F
i
(σ
#N
ρ(θ)
2N
). (42)
This yields a single qubit state of the form in Eq. (35) with new parameters p
0
good
and
p
0
bad
, which are tricky to exactly calculate but can again be bounded. The joint probability
p
0
good
+ p
0
bad
can be lower bounded by assuming F
i
(σ
#N
ρ(θ)
2N
) = 0 and so
p
0
good
+ p
0
bad
(1
#
)(p
good
+ p
bad
) (43)
The p
0
bad
term can be upper bounded by considering the worst-case scenario that F
i
(σ
#N
ρ(θ)
2N
) leads to a logical error with unit probability, and so
p
0
bad
(1
#
)p
bad
+
#
< (2N 1)(1
#
)
2
θ
+
#
, (44)
where the second inequality follows from Eq. (37). These bounds are very loose and
overestimate p
0
bad
by quite a lot. Nevertheless, they are simple to obtain and rigorous.
Accepted in Quantum 2018-02-21, click title to verify 12
Next, we further consider phase noise on the pivotal rotation, each failing with prob-
ability η. In other words, all pivotal rotations act perfectly with probability (1 η)
N
.
Therefore, the channel implemented is not F
i
but something of the form
G
i
= (1 η)
N
F
i
+ (1 (1 η)
N
)F
0
i
, (45)
where F
0
i
is the noisy part of the channel with diamond norm not exceeding unity. There-
fore,
G
i
(ρ
#N
ρ(θ)
2N
) =(1 η)
N
(p
0
good
|R(θ)ihR(θ)| + p
0
bad
Z|R(θ)ihR(θ)|Z) (46)
+ (1 (1 η)
N
)F
0
i
(ρ
#N
ρ(θ)
2N
).
The worst case scenario is that F
0
i
always generates an error, adding a (1 (1 η)
N
)
contribution to the error term. Therefore, after renormalising the error probability is
bounded by
0
(1 η)
N
p
0
bad
+ (1 (1 η)
N
)
(1 η)
N
(p
0
good
+ p
0
bad
) + (1 (1 η)
N
)
(1 η)
N
((2N 1)(1
#
)
2
θ
+
#
) + (1 (1 η)
N
)
(1 η)
N
(1
#
)(p
good
+ p
bad
) + (1 (1 η)
N
)
The result scales as O(
#
), but this error rate is itself the output of performing the synthilla-
tion protocol using noisy |R(π/8)i-states of error rate
π/8
. In particular, Eq. (128) of
Ref. [20] shows that
#
1
2(1
π/8
)
4N+4
1 + (1 2
π/8
)
4N+4
= (6 + 14N + 8N
2
)
2
π/8
+ O(
3
π/8
) (47)
This suffices to conclude that
0
(2N 1)
2
θ
+ (6 + 14N + 8N
2
)
2
π/8
+ N η + O(
3
θ
,
3
π/8
, η
2
, . . .) (48)
where O(
3
) collects all higher order terms. For instance, for N = 1 and N = 2 this yields
0
2
θ
+ 28
2
π/8
+ η + O(
3
θ
,
3
π/8
, η
2
, . . .) for N = 1
3
2
θ
+ 66
2
π/8
+ 2η + O(
3
θ
,
3
π/8
, η
2
, . . .) for N = 2
(49)
Comparing this with the numerical expressions Eq. (27) and Eq. (29), we see the analytic
upper bound is very loose and grossly overestimates the prefactors.
5 No small triorthogonal codes
Many other distillation protocols are based upon projections into codespaces with a transver-
sal non-Clifford, with transversality proofs typically using some notion of triorthogonal
matrices [4]. While the protocols proposed here do not manifestly have this form, it is
natural to ask whether there is some codespace projection with equivalent performance.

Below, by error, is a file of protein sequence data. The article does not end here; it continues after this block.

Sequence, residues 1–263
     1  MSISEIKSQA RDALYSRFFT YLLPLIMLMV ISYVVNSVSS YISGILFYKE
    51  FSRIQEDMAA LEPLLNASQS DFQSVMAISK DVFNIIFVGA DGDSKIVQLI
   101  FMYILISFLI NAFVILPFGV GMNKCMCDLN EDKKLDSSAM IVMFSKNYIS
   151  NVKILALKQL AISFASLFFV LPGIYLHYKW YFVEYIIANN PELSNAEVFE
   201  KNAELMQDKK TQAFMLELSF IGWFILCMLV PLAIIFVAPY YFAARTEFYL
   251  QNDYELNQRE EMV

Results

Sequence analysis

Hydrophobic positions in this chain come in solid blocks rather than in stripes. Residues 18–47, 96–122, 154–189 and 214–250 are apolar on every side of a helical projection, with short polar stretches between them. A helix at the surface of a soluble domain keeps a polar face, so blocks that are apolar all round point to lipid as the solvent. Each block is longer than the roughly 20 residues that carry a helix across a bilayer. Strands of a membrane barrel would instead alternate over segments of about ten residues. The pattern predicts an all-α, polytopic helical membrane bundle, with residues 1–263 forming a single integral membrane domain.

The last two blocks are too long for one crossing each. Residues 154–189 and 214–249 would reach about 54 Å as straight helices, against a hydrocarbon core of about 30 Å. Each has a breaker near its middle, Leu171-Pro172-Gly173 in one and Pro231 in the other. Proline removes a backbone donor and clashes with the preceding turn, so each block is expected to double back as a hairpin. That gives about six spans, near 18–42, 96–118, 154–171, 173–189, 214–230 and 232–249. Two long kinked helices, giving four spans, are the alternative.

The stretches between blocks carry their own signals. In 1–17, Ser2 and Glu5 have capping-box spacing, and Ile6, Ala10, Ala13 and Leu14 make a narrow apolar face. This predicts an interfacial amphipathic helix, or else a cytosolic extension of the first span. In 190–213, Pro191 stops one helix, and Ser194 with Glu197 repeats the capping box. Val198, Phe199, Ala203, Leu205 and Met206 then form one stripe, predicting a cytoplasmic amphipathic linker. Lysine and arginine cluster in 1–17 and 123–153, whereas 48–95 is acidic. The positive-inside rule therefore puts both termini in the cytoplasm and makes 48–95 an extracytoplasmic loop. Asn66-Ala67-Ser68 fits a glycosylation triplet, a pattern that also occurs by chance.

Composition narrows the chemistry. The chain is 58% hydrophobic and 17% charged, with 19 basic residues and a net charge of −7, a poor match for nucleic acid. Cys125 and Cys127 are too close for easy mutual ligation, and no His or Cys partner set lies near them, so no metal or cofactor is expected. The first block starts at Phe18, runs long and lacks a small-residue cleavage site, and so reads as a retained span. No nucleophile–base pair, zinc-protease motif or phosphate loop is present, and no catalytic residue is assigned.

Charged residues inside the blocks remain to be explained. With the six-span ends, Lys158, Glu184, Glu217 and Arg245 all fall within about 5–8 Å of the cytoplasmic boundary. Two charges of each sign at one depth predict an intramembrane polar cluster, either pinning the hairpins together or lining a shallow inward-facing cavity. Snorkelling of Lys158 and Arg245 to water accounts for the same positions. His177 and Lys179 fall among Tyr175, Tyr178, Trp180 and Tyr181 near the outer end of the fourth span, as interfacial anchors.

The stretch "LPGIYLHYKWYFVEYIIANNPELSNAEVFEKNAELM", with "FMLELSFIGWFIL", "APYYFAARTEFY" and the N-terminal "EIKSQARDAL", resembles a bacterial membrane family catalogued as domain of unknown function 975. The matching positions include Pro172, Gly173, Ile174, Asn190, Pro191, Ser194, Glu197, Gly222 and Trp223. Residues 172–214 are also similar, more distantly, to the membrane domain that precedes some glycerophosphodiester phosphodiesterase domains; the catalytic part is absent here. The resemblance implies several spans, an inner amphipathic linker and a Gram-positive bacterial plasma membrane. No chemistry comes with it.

Indeed, Jones’ first-level distiller protocol [5] is effectively equivalent to projecting onto
the codespace of Bravyi-Haah triorthogonal codes [4], and Haah has recently introduced
level-lifting as a general methodology for finding such equivalences [16]. Furthermore, it
has long been known that for any distillation protocol there exists a codespace projection
Accepted in Quantum 2018-02-21, click title to verify 13
that achieves the same error suppression [24], though it may not achieve the same success
probability or admit a transversal non-Clifford gate.
In this section, we show that there exist no triorthogonal codes with fewer than 14
qubits. This bound is tight since the smallest Bravyi-Haah code is a 14 qubit triorthogonal
construction. It follows that the 10 2 MEK protocol is not equivalent to a projection
onto a triorthogonal code. What distinguishes MEK is that it is a highly compressed circuit
that is obtained from taking a larger circuit and cancelling some T -gates. This suggests
that something happens during the compression process of eliminating extraneous T -gates
that breaks the equivalence to triorthogonal codes. Since our protocols can be understood
as a generalisation of MEK protocols, it seems unlikely similar performance parameters
will be achievable using projections onto codes with exotic transversality properties.
We present the definition of triorthogonality
Definition 1 (Def 1. of Ref. [4])A binary matrix G of size m × n is called triorthogonal
iff the supports of any pair and any triple of its rows have even overlap, that is,
n
X
j=1
G
a,j
G
b,j
= 0 (mod 2) (50)
for all pairs of rows 1 a < b m and
n
X
j=1
G
a,j
G
b,j
G
c,j
= 0 (mod 2) (51)
for all triples of rows 1 a < b < c m.
The definition of triorthogonality allows a matrix to have either odd or even rows, and it
is standard to use a horizontal line to demarcate the split
G =
G
1
G
0
, (52)
so G
1
contains odd weight rows and G
0
contains even weight rows. Assuming G is row-wise
linearly independent, it describes an [[n, k, d]] quantum code where: n is the number of
columns in G; k is the number of rows in G
1
; and d 2 if and only if G
0
is non-trivially
supported on every column. We also use the notion of a biorthogonal matrix, which obeys
the constraint for pairs of rows but not for triples of rows.
Let G be a triorthogonal matrix with block matrix form
G =
G
1
G
0
=
A B
C D
1 0
, (53)